Our more recent experience with terrorist threats and attempts reiterates the commissioners point. In the wake of the Christmas Plot and the near-getaway by would-be Times Square bomber Faisal Shahzad (who had already boarded a flight leaving the U.S. when he was arrested), we are once again reminded that border security is an essential element of national security, and exit control is part of that rubric.


(B) S. 744 Confuses Multiple Laws Already on the Books Requiring Exit, While Eliminating the Current Land Border Requirement

Other nations, like Australia, have made a biographic exit part of their immigration controls for years. Yet issues of money, politics, and practicalities of infrastructure have haunted this issue for the last 17 years in this country. Various laws requiring exit control have sat on the books since 1996. There have been discussions, policy platforms, even pilot programs, but to this day, we do not have a full-fledged exit program covering air, sea, and land ports of entry. In the post-9/11 era, the issue of national security and biometrics dominated border security discussion and policy. The issue has never failed to engage Congress. Even before 9/11, in 2000, two separate laws were passed, one that set up exit and the other that tied it to the Visa Waiver Program. In 2001, the USA Patriot Act chimed in again, demanding exit.

In 2002, the Border Security Enhancement law again required exit, and in 2004, the intelligence reform act emanating from 9/11 Commission recommendations included it again. Beginning in 2004, and until 2007, pilot programs for exit were undertaken at the demand of Congress. The technology worked, but compliance rates were low since the kiosks were not manned by government and not clearly mandatory.

Then in 2007, the 9/11 Commission Recommendations Act reiterated the need for exit and required exit apply to all foreign nationals entering under the Visa-Waiver Program, adding in a biometric component. The basic idea behind a biometric exit requirement was to reassert the 9/11 Commission recommendation that the federal government assure that people are who they say they are in real time, and that no derogatory information be linked to them to prevent departure.

Data gathered—depending in part on whether the data were gathered and vetted in real time—would provide overstay data and watchlists hits. Overstays would give CBP and the State Department better data to determine who gets to visit the U.S. again, and ICE better information about who returned or illegally overstayed. Exit data may even give Joint Terrorism Task Forces the ability to curtail terrorist absconders who sought to slip out of the U.S. unnoticed based on verified watchlist hits—akin to what we saw with the Times Square bomber—or so those of us on the 9/11 Commission staff hoped. US-VISIT, the DHS program that takes 10 fingerprints and a digital photo of foreign nationals when they enter the country, seemed the perfect fit to do a biometric exit.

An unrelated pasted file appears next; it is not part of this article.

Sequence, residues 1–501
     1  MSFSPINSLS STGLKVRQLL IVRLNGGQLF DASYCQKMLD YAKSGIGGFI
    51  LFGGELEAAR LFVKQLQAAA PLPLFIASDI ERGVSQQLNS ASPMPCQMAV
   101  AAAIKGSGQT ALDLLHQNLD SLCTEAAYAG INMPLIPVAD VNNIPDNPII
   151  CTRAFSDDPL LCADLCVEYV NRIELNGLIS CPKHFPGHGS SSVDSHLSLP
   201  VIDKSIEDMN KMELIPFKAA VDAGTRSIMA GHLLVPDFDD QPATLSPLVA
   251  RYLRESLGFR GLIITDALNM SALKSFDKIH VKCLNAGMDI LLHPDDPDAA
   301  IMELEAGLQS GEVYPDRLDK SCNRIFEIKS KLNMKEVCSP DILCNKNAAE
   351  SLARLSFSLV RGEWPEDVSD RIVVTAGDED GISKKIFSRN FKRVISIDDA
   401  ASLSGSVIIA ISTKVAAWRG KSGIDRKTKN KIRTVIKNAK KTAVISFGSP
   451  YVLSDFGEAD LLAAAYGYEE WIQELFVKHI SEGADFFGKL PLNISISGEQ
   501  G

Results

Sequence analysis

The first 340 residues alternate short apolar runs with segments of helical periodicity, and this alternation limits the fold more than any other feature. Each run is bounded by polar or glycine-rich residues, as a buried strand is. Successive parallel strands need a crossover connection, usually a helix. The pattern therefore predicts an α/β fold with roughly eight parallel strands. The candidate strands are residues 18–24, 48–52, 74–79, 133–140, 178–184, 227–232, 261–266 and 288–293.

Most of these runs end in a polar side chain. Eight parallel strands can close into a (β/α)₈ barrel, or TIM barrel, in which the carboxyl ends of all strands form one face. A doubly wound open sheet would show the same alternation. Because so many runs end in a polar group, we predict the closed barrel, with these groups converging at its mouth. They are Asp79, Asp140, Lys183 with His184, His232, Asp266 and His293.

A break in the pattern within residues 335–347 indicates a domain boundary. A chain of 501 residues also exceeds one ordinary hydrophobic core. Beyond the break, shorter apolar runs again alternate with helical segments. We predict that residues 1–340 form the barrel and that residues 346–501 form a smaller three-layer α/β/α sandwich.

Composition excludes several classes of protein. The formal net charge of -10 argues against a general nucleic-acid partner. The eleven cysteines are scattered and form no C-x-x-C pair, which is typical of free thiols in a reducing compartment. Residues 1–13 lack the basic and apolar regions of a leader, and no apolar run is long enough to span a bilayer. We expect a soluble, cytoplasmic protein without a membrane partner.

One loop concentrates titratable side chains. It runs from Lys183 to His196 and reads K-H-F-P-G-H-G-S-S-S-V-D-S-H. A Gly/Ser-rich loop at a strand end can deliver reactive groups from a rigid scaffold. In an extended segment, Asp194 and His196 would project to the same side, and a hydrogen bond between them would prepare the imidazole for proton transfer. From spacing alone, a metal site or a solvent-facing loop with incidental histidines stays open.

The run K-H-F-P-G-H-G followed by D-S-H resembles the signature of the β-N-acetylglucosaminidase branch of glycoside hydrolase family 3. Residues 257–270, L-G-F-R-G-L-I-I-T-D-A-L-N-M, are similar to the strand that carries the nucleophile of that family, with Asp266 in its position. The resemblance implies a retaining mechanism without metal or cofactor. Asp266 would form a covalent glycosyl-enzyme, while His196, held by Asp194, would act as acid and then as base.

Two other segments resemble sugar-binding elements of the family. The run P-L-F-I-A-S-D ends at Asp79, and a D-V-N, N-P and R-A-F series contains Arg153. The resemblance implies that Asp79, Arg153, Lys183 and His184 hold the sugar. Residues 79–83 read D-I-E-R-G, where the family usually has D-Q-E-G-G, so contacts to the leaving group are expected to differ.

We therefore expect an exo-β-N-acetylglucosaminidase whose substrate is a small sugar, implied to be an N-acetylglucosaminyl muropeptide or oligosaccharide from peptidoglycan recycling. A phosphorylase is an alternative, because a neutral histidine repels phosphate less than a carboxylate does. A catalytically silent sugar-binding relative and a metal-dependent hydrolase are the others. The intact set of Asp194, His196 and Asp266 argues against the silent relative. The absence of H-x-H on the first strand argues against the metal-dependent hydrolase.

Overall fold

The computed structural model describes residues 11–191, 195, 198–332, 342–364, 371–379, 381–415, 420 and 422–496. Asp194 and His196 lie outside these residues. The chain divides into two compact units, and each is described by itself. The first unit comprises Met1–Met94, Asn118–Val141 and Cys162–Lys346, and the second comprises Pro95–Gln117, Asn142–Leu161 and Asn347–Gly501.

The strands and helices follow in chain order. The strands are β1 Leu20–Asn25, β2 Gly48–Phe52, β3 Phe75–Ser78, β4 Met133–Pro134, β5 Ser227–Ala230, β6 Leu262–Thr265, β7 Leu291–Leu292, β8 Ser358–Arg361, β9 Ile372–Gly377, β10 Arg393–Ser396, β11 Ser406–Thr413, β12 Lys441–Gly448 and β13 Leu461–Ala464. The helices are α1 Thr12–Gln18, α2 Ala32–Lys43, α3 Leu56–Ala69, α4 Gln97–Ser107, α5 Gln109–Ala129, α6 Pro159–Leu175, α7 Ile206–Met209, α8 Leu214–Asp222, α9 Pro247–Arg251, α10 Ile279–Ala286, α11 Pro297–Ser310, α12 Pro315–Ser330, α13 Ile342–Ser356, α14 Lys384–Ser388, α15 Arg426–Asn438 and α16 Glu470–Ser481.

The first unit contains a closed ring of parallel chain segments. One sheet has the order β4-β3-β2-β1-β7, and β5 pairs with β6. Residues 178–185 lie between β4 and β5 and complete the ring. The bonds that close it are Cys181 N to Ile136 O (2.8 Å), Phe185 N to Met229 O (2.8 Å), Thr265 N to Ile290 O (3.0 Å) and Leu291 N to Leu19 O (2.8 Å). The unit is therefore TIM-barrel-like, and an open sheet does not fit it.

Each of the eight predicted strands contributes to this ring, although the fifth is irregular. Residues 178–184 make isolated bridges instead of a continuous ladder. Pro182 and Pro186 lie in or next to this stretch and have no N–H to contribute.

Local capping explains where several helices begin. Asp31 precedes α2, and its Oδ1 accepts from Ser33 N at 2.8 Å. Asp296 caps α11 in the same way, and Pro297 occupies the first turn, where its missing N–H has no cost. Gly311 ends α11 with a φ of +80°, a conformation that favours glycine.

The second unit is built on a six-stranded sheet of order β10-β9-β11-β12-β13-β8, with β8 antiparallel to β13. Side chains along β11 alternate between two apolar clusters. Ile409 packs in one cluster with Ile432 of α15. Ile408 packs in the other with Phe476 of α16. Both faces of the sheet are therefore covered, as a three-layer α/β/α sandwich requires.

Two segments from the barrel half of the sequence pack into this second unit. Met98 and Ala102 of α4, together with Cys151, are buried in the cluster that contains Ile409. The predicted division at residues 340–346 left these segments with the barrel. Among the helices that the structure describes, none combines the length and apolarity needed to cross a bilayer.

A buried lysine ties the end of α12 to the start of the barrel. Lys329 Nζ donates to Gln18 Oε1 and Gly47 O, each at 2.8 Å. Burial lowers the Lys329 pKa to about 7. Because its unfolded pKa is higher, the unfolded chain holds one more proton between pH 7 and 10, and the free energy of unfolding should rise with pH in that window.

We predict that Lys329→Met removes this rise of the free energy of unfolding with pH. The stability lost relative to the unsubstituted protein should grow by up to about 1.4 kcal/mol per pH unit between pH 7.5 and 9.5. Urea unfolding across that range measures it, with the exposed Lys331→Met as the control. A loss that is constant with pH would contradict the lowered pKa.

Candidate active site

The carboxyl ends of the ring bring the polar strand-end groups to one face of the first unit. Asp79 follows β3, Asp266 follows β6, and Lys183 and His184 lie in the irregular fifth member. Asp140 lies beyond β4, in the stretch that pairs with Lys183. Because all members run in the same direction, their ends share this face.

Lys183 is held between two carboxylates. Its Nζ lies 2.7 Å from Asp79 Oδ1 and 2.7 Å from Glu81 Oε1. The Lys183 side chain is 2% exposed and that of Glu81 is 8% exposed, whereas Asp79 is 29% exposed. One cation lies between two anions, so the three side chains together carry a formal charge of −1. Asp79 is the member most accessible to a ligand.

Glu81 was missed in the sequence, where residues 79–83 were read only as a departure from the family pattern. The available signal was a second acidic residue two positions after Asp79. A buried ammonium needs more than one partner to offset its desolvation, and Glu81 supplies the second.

Then in 2008, DHS put out a proposed rulemaking for the “Collection of Alien Biometric Data Upon Exit From the U.S. at Air and Sea Ports of Departure,” but it put the onus on airlines to collect biometric data anywhere in the international departure process, with no money. The airlines balked. A viable exit system was far from implementation. In 2009, congressional appropriators, clearly frustrated by the lack of progress in implementing exit, required two airport pilot programs before appropriating further monies for exit. In the June 2009 pilot programs conducted by US-VISIT at Detroit and Atlanta international airports, one tested TSA checkpoints, the other required CBP to screen departures on the jetway. Airlines refused to participate in the pilot programs, reiterating the emerging agreement that exit, like entry, is primarily a government function. Both programs successfully used border inspection personnel to take biometric exit data, at the jetways (in Detroit) and TSA checkpoints (in Atlanta).

Both went very well, with no increase in processing time that amounted to missed flights, or even flow time or longer lines. Those processed complied. Overstays and considerable watchlists hits were found, proving that a biometric exit fulfilled both immigration and security functions simultaneously. Moreover, the technology worked. Overall, the Air Exit pilots confirmed the ability to biometrically record the exit of those aliens subject to US-VISIT departing by air.